Categotry Archives: Misc.

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Wilfred Thesiger

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Categories: Misc.

Sir Wilfred Patrick Thesiger lived an explorer’s life. He traveled to the most distant and desolate parts of the world, and chronicled his adventures in books and on film.
Thesiger was born in the British Legation in Addis Ababa, where his father was British Minister at the court of the Emperor of Abyssinia. He studied at Eton and Oxford in England, then traveled back to Addis Ababa to attend Haile Selassie’s coronation. During World War II, he joined the Sudan Defense Force and helped the now-deposed Emperor Selassie liberate his country from Italian occupation.
After the war, Thesiger explored Iraq, Persia, Kurdistan, Pakistan, Afghanistan and Kenya. He searched for locust breeding grounds in Saudi Arabia, saw the quicksands at Umm as Samim and traveled by camel across the Empty Quarter, the largest sand desert in the world. He described his adventures in the books “Arabian Sands” and “The Marsh Arabs,” and was knighted in 1995.
Thesiger died on Aug. 24. Cause of death was not released. He was 93.

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Cynthia Doyon

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Categories: Misc.

cdoyon.jpgCynthia Ann Doyon, a popular radio host in Seattle, committed suicide on Aug. 5. She was 48.

Every Saturday night for 24 years, Doyon produced and hosted “The Swing Years and Beyond,” on KUOW-FM (94.9). “A quirky mix of swing, R&B, country western, bebop and popular song,” the show featured artists like Nat King Cole, Ella Fitzgerald and Benny Goodman.

Doyon studied history and communications at the University of Washington. Her first job was as the host of a rock-n-roll show at the college radio station, KCMU-FM (90.3). She was also KCMU’s first woman program director.

Doyon died from a self-inflicted gunshot wound to the head. She was found on the UW campus.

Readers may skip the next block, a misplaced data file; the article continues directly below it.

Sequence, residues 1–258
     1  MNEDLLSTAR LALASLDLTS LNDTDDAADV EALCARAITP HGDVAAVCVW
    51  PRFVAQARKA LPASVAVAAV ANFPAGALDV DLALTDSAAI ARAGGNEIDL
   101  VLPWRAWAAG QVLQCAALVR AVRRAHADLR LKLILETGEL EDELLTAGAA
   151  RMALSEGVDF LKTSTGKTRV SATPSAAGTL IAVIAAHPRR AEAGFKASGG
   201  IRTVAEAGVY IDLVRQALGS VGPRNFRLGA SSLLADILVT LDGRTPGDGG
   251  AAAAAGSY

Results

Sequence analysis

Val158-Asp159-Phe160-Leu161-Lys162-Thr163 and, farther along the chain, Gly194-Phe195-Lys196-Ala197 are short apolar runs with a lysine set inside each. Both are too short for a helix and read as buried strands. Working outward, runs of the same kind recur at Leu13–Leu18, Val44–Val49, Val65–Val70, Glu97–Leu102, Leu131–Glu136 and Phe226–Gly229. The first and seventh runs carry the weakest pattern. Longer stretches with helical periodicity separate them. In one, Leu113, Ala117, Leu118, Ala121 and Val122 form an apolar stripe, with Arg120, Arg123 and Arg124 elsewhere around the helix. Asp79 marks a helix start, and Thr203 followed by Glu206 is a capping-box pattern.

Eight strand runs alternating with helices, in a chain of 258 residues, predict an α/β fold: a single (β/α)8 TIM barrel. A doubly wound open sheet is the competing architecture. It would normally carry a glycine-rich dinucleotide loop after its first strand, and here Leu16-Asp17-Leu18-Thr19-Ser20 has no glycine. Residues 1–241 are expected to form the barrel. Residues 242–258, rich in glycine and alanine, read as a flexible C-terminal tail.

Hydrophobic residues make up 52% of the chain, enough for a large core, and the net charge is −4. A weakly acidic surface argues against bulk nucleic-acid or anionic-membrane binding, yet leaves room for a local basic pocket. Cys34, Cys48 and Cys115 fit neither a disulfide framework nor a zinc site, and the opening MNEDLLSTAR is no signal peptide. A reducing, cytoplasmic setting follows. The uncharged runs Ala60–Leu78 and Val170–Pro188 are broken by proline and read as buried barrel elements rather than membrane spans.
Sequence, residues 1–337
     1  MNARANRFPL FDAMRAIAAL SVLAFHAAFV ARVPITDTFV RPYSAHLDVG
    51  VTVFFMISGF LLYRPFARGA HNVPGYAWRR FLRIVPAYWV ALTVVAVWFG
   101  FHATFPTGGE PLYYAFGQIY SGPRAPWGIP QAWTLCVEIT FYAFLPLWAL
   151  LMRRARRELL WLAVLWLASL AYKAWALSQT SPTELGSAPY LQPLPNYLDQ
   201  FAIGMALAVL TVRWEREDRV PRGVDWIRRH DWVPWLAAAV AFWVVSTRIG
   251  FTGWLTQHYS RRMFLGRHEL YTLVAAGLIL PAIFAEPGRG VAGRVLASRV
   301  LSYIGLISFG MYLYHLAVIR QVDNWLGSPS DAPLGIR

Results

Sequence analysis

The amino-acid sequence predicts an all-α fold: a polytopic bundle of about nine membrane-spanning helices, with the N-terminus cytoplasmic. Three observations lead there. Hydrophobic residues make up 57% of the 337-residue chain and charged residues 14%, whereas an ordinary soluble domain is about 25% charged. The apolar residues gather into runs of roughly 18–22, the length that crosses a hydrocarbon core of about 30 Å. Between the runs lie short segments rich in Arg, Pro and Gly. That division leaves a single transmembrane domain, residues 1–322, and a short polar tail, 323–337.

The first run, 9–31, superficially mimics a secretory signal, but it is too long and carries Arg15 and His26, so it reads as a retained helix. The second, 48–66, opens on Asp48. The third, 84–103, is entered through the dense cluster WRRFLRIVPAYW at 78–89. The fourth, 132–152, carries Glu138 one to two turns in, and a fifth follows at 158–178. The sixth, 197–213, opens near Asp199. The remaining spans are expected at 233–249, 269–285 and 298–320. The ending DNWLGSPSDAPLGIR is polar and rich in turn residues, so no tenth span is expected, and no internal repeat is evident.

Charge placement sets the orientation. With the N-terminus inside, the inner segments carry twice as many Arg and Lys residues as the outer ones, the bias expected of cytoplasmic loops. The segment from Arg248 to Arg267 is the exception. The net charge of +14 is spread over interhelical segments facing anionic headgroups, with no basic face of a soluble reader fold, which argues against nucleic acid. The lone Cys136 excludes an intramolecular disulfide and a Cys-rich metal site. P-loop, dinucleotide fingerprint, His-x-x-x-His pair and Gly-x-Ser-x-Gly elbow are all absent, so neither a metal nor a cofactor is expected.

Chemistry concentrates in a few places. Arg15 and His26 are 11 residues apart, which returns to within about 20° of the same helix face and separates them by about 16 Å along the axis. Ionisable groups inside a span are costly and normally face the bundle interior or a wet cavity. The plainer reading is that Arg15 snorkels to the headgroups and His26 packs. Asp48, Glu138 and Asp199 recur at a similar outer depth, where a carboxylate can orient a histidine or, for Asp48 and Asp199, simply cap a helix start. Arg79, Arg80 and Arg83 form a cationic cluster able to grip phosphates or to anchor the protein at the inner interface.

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Michael Griswold

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Categories: Military, Misc.

Most sailors use electronic compasses and global positioning systems to guide a boat in the right direction. Michael Bernard Griswold used the stars.
Griswold’s insatiable wanderlust led him to enlist in the Navy right out of high school. He was stationed in Alaska until 1954, then moved to Southern California to earn a computer science degree from San Diego State College.
Over the next 30 years, he married, raised a family and worked at the Department of Defense as a civil servant. In his spare time, Griswold coached the Ocean Beach Little League and volunteered as a counselor for troubled teens.
In the mid-1980s, Griswold retired and went through a divorce. With extra time on his hands, he renewed his interest in oceanic travel and studied celestial navigation. He bought the Aeolus, a 28-foot ketch named after the Greek god of winds, and sailed to Hawaii, Samoa and around the Sea of Cortez — using only the stars as his guide.
Griswold died at the end of July from emphysema. He was 70.

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Norman Loop

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Categories: Misc.

Norman Earl Loop’s name will remain among the stars for as long as two satellites remain in space.
Loop was a master welder, boilermaker and iron worker who built early exploration satellites. When he welded the two halves of the Pioneer space probe together, his name was engraved on the probe and on another space-bound satellite.
Before Loop became famous on a galactic scale, he enlisted in the Marines and fought in the South Pacific during World War II. When he was honorably discharged in 1945, Loop moved to New York then Colorado, where he became a member of The American Legion. He also served with the All Veteran Honor Guard and participated in more than 500 military honor services at Fort Logan National Cemetery.
In his spare time, Loop volunteered with Meals on Wheels for almost a decade and maintained the flags at the Littleton Community Center and at the WWII Memorial in Littleton, Colo.
Loop died on July 13 of cancer. He was 78.

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Eva Garcia

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Categories: Misc.

Eva Garcia, a circus artist who performed aerial stunts on ropes and silks suspended from the ceiling, died on Aug. 8. She was 38.
Garcia was performing her acrobatic routine at the Hippodrome Circus in Great Yarmouth, England, when she lost her grip on the safety wire and plunged more than 20 feet to her death. Eight hundred people witnessed the accident.
“There was no safety net because this particular act can’t be done with one,” said circus owner Peter Jay.
Garcia began her circus career when she was seven years old. Her family has been in the business for more than 100 years.

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